David Dorůžka is one of the Czech Republic’s best jazz musicians. The guitarist studied at the Berklee College of Music in Boston and later spent time in New York and Paris. A few months ago he released his latest album, Autumn Tales. Our tour of “David Dorůžka’s Prague” begins at the Branické skály, a rocky outcrop overlooking the Vltava close to where the 37-year-old was raised in a musical household: his grandfather was the jazz expert and writer Lubomír Dorůžka, while his father Petr is a well-known music journalist.
“The Branické skály, the Braník rocks, are part of some very old rocks that have been here since pre-historic times. I don’t know much about it but I somehow have that feeling every time that I come here.
“It’s a beautiful wood. It’s a nice place for a walk and also there’s a great view of the whole of city of Prague from here.
“I also have a lot of memories of this place from my childhood, so it’s really a special place to me.”
I have often passed Branické skály from below – and it’s very steep from below – and I had no idea you could come here and walk and see this amazing view.
“Yes, I think not that many people know about it. You don’t see so many people here, usually.
“So yes, it’s really a special and hidden place. And at the same time you can see the whole of Prague from here – and it’s not that far from the centre.
“That’s another thing I like – that it’s kind of secret and it’s never crowded here.”
One unfortunate thing is that, I guess because it’s a very steep fall to the valley below, there’s a kind of wire mesh fence in front of this pathway here.
“Yes, that’s true. Actually, I don’t how it is now but I think there used to be a hole and a gate in the fence, a little bit further south, where you could actually walk down the hill, where it was not that steep.
“But the main wall of the rocks is very steep, so it’s for a good reason that there’s this fence.”
“Green lane I think would be a good translation. Yes, that’s where I grew up and where my parents still live these days, with my sister and her family: her husband and her kids.
“And it’s where my grandmother and grandfather also used to live. That’s the house where I spent my childhood.”
That sounds like very much a minority experience, to live in Prague but in a big family home with several generations. In fact, I can’t think of anybody I know who has had that experience here.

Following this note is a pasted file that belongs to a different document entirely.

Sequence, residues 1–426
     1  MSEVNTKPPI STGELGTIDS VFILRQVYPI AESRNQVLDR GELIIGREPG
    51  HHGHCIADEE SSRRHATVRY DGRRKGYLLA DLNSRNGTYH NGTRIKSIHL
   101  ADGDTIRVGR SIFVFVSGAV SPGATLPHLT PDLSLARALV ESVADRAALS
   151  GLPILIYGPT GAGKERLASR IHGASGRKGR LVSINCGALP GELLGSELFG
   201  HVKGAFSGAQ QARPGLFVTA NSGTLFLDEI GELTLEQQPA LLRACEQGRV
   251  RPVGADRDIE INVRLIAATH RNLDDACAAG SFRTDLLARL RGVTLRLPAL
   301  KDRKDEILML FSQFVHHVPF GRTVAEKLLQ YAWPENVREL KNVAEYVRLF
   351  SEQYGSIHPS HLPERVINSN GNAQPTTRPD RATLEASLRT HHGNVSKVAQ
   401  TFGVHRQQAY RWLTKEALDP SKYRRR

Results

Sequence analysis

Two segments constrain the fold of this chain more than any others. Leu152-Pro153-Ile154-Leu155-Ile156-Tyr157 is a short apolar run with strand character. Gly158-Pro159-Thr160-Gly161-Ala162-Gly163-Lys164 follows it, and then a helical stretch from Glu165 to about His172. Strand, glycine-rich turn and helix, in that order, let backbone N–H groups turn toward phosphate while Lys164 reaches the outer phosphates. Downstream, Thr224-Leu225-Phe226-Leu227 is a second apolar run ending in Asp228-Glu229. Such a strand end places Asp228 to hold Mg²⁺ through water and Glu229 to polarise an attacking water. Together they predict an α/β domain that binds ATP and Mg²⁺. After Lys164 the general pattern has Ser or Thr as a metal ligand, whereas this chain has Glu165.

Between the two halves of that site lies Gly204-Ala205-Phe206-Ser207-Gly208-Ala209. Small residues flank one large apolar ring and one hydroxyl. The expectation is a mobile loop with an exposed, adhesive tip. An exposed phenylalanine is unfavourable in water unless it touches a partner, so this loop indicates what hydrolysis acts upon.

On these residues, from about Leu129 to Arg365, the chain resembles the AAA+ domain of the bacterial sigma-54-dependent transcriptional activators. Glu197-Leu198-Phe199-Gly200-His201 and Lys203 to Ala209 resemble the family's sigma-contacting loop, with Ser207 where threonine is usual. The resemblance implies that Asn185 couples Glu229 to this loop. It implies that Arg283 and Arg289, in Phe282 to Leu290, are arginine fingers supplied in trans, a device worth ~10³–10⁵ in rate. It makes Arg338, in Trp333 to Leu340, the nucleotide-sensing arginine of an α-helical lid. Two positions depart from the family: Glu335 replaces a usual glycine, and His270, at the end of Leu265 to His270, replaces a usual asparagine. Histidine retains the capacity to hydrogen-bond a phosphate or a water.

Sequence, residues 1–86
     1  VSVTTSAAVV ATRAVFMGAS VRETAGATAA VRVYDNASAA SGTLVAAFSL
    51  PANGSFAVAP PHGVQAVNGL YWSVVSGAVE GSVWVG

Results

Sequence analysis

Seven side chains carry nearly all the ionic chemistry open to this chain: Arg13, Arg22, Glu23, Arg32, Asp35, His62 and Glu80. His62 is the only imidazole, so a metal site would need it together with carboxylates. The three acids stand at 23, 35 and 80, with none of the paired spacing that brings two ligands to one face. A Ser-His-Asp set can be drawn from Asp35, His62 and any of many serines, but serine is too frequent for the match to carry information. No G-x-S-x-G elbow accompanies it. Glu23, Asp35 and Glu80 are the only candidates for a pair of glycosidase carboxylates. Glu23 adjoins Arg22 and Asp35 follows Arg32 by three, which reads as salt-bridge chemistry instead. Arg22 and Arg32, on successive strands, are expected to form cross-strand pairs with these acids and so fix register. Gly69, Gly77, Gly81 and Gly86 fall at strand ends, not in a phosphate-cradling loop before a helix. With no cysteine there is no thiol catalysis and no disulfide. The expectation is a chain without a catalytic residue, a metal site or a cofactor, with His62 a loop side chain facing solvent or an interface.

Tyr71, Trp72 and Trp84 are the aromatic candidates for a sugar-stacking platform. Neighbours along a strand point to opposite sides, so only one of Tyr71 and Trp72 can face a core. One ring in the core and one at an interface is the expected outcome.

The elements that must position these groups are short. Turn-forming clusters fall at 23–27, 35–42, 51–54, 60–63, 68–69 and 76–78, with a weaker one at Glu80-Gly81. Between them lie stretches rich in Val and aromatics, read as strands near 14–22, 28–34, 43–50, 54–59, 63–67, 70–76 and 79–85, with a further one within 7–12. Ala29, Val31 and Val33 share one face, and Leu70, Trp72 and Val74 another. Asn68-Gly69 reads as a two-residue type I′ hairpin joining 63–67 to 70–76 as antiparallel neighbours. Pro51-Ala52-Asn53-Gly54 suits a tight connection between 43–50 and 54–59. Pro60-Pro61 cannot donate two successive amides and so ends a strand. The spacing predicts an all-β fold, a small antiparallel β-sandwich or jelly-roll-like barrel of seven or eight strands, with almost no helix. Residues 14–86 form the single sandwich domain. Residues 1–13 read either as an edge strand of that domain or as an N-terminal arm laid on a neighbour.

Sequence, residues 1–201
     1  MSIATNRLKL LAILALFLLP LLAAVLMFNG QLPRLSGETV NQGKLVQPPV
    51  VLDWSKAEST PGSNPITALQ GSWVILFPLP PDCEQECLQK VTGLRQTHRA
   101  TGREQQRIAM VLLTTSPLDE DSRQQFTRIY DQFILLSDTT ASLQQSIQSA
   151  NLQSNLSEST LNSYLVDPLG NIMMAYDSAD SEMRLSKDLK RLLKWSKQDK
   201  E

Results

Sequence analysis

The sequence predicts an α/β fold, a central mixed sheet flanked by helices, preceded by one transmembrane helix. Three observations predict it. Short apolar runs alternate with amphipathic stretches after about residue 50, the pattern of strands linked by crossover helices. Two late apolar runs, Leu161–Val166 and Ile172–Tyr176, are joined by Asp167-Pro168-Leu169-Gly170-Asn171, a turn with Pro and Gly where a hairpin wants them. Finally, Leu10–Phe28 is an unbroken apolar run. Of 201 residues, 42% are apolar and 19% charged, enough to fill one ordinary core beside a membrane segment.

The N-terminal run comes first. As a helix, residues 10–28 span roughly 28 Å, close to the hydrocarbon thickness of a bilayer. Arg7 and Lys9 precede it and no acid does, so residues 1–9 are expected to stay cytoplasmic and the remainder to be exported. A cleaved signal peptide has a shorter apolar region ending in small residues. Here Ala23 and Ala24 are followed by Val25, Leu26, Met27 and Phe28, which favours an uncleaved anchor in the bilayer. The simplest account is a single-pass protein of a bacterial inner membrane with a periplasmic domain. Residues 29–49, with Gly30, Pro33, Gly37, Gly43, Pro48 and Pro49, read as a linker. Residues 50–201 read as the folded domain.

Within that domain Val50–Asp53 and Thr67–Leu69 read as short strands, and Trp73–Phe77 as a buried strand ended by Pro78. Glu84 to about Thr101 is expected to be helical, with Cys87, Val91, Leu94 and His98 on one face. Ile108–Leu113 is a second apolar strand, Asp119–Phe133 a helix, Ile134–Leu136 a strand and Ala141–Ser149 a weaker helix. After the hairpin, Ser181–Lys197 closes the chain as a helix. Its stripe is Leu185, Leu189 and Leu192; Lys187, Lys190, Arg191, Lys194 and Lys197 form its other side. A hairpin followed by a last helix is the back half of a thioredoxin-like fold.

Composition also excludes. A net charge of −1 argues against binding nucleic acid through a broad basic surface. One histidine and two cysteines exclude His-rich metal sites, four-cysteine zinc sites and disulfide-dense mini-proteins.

“I think in this part of town it’s actually quite common, because you mostly see these family houses.
“I think it’s typical in some parts, not typical in others. So I guess I was very fortunate to have this experience.”
From Branické skály, Dorůžka and I walk down a series of steps to Braník, the district by the Vltava the guitarist calls home today. There he leads me to the lively and welcoming Periferie Café, as impressive a spot as you are likely to find on the “periphery” of Prague.
“It’s just a very beautiful café and again it’s a place that’s kind of hidden; not that many people know about it and it’s somehow special to me.
“The service is very nice always. They have some great food – really fresh and really tasty – and they change the menu very often.
“Usually they play nice music too – and that’s another thing that I like about it.”
Do cafés like this, especially in more out of the way parts of Prague, serve in a sense as a kind of culture centre? Where it’s a place to go and feel part of the community?
“I have to say it does. I think this kind of place is quite special, if we remember that we are sort of on the outskirts of Prague.
“I don’t think there are that many cafés on this level on the outskirts. I’m sure there are in the centre. That’s what’s actually special to me about this place.”
For you, generally speaking, what makes a good café?
“The coffee. The drinks in general. The food, if they serve food, which this places this: very good food at very reasonable prices.
“Also the service, of course, and the environment – the whole vibe of the place. It’s not easy to put in words.”
For me what’s also important is big windows onto the street. Maybe there isn’t much to see here in Braník, but at least you feel like you’re connected to the street.
“I totally agree. Windows are important and there are huge windows here.
“What we are looking at out of this window next to us is, I think, an old abbey or monastery from maybe the 1700s or 1800s.
“It’s totally run down now and I think somebody is trying to build a brewery there, or it has some sort of other function now.”
So Braník does have some sights?
“I think so. And you know it’s just a very pleasant part of the city to live in, for me, with these small houses.